Repeated mantras return throughout the album, sometimes mockingly (“I need love!” Gira moans on ‘Just for a Little Boy’, to be answered by a derisive peel of laughter from a Greek chorus), sometimes beguiling and hypnotically (disc 1 ends with ‘Some Things We Do,’ which draws the side to a close with chants of “with tooth and claw, we touch, we teach, we fuck, we love, we regret, we love, we love, we love…”)
And so it continues. Through ‘Bring The Sun / Toussaint L’Ouverture’, a 34 minute two-part epic, where a repetitive chant collapses halfway through to the sound of a gathering storm, a nervous horse whinnying and tramping its feet before the song explodes again into a full scream of defiant anger. Through ‘She Loves Us’ which opens disc 2 with a deep, rocky groove which soon collapses into chaos, only to return, altered, menacing, as Gira spits “your name is fuck! Fuck fuck fuck! Hallelujah! Hallelujah!”
Until, eventually, two hours later, comes the title track. ‘To Be Kind’ seeps quietly in, almost like the calm that settles after a storm has blown through, as Gira concludes his meditation. “To be kind, to be kind, to be lost, in a bed touching you,” he sings. Almost happily, he moans his last words, “There are millions and millions of stars in your eyes.”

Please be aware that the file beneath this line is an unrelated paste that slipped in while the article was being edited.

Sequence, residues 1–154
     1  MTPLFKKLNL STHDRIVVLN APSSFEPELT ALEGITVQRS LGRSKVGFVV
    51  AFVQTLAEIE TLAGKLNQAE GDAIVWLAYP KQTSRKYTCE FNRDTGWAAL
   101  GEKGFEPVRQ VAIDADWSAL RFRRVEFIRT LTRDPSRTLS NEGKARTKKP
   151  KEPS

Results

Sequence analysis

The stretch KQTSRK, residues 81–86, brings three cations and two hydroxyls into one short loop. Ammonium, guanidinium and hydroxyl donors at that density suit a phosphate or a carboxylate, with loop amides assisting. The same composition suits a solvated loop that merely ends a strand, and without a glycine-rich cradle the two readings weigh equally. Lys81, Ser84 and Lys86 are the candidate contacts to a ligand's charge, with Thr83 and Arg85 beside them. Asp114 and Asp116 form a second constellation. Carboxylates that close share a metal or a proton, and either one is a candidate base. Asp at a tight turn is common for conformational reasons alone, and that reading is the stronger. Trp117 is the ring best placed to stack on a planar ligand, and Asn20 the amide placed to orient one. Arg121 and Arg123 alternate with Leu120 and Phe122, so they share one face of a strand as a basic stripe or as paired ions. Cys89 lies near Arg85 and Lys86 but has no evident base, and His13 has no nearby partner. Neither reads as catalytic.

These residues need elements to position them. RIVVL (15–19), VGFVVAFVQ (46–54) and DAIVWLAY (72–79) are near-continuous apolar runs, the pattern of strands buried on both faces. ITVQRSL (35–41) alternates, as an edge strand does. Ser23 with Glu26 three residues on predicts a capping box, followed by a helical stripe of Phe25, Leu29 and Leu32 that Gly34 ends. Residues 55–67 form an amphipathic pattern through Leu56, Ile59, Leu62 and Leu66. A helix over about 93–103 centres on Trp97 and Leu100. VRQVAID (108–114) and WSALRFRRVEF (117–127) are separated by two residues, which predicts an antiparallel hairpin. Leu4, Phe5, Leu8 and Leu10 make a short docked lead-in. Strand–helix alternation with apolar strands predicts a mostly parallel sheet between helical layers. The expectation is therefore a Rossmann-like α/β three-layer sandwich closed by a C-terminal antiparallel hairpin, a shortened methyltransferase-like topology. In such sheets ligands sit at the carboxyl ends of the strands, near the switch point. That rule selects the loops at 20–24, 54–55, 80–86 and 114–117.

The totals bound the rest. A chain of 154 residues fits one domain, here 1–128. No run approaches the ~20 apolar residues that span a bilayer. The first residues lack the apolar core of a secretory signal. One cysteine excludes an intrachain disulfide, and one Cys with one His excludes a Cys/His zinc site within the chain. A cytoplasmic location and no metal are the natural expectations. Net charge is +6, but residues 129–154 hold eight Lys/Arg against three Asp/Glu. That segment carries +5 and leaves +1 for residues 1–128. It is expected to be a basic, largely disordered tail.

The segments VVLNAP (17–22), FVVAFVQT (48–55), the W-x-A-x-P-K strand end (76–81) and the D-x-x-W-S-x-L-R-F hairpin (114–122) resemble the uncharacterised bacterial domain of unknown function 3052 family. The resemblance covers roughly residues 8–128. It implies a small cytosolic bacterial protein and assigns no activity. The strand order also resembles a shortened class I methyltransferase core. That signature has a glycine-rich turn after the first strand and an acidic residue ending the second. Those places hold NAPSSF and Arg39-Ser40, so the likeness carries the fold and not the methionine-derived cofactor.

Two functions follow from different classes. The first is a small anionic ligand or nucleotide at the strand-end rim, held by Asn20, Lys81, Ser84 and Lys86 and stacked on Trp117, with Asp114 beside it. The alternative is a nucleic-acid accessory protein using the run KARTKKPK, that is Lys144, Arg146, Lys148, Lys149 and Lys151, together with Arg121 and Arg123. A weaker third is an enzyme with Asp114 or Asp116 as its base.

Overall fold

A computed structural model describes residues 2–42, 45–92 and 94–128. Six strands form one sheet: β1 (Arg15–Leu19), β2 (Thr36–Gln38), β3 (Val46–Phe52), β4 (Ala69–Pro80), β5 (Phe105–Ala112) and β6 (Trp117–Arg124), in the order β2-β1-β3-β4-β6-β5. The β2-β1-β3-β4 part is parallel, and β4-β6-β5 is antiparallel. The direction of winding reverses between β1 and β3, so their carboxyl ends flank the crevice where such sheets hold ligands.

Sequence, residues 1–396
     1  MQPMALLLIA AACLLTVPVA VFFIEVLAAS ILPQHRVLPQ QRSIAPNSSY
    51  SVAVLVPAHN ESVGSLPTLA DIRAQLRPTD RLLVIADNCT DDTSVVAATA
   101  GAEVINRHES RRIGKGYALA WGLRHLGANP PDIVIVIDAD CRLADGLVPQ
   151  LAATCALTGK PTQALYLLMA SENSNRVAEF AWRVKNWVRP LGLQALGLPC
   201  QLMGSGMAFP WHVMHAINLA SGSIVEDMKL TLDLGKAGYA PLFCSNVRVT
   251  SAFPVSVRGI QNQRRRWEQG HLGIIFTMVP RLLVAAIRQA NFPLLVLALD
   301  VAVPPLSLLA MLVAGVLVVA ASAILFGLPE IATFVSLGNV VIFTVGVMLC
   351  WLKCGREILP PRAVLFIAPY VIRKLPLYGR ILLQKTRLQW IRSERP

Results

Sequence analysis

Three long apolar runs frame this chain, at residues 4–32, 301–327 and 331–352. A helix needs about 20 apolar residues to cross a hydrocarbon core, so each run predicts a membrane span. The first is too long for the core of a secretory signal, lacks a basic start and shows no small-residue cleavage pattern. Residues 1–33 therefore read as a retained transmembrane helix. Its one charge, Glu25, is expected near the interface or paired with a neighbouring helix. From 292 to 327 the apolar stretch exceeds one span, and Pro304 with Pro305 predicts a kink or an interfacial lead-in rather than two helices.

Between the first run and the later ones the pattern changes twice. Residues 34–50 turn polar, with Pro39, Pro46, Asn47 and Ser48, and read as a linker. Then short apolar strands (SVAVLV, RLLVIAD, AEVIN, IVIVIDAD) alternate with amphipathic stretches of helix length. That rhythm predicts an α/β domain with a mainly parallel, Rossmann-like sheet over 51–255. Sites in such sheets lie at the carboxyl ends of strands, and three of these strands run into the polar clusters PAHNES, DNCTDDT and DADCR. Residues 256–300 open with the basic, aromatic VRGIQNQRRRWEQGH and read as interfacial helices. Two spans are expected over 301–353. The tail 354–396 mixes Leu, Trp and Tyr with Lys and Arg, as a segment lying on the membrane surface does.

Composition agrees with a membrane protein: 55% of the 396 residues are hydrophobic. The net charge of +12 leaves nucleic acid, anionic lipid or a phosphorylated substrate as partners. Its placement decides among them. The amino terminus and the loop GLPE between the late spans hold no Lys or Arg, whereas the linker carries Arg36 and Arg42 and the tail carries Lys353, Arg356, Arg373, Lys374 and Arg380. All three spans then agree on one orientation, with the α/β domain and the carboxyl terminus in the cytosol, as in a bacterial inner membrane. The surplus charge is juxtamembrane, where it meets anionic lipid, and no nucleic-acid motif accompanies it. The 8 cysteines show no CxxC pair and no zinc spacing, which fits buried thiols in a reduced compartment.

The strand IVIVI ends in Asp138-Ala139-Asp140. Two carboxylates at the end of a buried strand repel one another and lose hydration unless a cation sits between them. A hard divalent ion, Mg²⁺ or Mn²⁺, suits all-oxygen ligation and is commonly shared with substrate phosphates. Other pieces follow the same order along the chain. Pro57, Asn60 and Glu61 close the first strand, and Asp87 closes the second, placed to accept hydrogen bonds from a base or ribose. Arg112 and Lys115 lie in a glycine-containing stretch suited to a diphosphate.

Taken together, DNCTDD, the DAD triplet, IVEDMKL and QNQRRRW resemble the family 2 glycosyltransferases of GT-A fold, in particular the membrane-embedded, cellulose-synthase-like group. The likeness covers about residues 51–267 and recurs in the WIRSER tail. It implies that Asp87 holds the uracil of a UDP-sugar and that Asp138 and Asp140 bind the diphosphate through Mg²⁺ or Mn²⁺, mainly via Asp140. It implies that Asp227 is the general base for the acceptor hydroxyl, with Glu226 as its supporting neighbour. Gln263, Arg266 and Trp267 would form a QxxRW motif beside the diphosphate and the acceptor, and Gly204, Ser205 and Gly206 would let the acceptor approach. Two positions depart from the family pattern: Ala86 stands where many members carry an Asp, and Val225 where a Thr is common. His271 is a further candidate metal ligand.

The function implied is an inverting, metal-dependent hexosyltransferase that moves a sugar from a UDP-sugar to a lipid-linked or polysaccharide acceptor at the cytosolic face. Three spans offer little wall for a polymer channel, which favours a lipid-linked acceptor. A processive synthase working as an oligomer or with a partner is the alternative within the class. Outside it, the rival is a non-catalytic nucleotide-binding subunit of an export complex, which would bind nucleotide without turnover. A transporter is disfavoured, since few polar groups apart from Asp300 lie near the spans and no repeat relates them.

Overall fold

But this turns out to be the calm before the storm, not the lull afterwards. Because from there the album closes with a wall of screaming guitars and crashing drums, in a musical coda that harks back most to the discordant horror that filled a lot of The Seer. Finally, with a crash of cymbals and jerk of guitar, it ends. Falls to silence.